Medcalf v. Washington Heights Condominium Ass’n Inc.
57 Conn. App. 12, 747 A.2d 532 (2000)

  • Medcalf and a friend were going to visit Skiades who live in the Washington Heights building. Skiades was unable to buzz Medcalf into the front door because the buzzer was not working. While waiting outside, Medcalf was attacked by a creep and injured.
  • Medcalf sued Washington Heights for negligence.
    • Medcalf argued that if the intercom system had been working properly, she would not have been outside and not have been attacked.
  • The Trial Court found for Medcalf. Washington Heights appealed.
  • The Appellate Court reversed and gave a directed verdict to Washington Heights.
    • In order to hold someone liable for negligence, you have to establish that their actions (or inactions) were a proximate cause of the injury.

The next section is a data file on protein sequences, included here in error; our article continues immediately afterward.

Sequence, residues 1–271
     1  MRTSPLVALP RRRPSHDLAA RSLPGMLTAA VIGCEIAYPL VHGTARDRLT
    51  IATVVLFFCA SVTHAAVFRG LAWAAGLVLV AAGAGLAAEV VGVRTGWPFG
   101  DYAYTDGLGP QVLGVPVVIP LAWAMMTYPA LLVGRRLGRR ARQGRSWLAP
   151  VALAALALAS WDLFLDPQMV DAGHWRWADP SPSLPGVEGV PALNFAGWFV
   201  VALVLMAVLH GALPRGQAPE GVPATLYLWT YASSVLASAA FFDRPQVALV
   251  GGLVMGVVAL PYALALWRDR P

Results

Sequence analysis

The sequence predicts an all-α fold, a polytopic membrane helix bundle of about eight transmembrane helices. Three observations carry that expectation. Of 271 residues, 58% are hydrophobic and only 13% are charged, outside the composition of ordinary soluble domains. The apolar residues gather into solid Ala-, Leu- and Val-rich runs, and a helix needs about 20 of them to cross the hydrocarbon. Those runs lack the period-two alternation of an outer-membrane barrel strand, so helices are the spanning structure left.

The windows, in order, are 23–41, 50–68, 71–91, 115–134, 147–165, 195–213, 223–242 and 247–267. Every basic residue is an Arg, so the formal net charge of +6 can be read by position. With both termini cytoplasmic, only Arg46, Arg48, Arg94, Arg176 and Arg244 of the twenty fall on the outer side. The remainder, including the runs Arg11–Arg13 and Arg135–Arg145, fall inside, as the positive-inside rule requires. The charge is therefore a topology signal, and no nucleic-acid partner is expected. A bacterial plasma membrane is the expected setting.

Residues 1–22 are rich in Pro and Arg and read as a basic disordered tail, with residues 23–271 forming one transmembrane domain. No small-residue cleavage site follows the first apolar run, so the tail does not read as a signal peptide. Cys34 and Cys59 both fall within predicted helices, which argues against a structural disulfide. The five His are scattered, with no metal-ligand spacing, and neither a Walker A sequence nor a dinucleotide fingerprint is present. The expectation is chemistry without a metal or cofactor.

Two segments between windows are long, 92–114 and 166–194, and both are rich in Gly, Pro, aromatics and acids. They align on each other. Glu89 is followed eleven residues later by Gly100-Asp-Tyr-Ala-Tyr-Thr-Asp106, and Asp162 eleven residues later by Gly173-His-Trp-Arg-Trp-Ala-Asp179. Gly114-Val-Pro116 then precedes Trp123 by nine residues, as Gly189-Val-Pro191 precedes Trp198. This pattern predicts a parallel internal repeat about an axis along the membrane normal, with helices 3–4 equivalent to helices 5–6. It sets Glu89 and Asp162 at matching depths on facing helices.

• Proximate Cause means that there has to be a reasonable and direct connection between the negligent act and the injury.
        • Also known as scope of the risk, or scope of liability.
      • Restatement of Torts says that, “an actor is not liable for harm different from the harms whose risks made the actor’s conduct tortuous.”
    • The Appellate Court found that Medcalf’s injury was not of the same general nature as the foreseeable risk created by Washington Height’s negligence.
      • Washington Heights could not have reasonably foreseen that an assault would be the result of not fixing the intercom.
      • If, for example, there was a disabled person in an apartment who needed a doctor and the doctor couldn’t get in because the door wouldn’t open, then you might have a much better case where Washington Heights’ negligence was a proximate cause of injury.